HIGHLANDS DEPEND ON ROADS
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RE-POPULATION of the Highlands was the prerequisite to economic transport in the region, which was important to Britain as a food-producing area and as a tourist ground, said Lord Douglas-Hamilton, in the House of Commons, when transport in the Highlands and Islands was discussed. Repairs and reconstruction of roads had not kept pace with needs, he said, and roads were the most important economic consideration in island transport.
In Inverness-shire, bus mileage in 1938 was Im. Last year, it was 6im. Goods vehicles in general use had increased in size and the 5-tonner was now the usual unit. There were 150 vehicles . engaged in transport for schools, which cost £25 per child per annum.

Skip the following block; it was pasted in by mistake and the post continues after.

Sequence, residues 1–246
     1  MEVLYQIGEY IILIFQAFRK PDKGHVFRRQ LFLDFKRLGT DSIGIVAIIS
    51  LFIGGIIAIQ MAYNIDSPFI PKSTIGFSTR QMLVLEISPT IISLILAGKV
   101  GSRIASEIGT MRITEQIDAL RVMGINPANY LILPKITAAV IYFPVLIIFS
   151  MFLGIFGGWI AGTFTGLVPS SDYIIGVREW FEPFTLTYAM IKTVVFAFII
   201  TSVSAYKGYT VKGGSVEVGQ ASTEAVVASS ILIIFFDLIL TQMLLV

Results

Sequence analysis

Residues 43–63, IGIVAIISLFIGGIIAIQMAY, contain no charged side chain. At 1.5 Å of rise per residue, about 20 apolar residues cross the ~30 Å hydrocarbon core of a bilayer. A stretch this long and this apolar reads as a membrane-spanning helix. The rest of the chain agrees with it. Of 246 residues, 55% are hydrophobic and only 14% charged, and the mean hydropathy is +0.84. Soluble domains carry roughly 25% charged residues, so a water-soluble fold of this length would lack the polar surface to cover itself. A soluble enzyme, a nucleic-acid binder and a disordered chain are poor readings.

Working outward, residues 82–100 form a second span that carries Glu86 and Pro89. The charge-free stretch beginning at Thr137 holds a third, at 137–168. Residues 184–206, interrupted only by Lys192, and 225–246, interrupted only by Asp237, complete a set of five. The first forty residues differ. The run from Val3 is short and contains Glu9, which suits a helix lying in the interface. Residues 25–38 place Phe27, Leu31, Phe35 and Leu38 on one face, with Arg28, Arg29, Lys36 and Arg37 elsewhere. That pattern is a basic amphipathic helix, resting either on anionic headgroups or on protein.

He pressed the Minister of Transport for the construction of a road running. from the north to the south of Skye.
Mr. John McLeod spoke of the poor roads in the area.Bus services were being cancelled because the roads were bad and no other means for transport were available. The Minister stated that his Ministry had given more financial help to Highland transport than to any other part of the Kingdom. He mentioned the subsidies to the MacBrayne company, and the sums spent out of the Road Fund.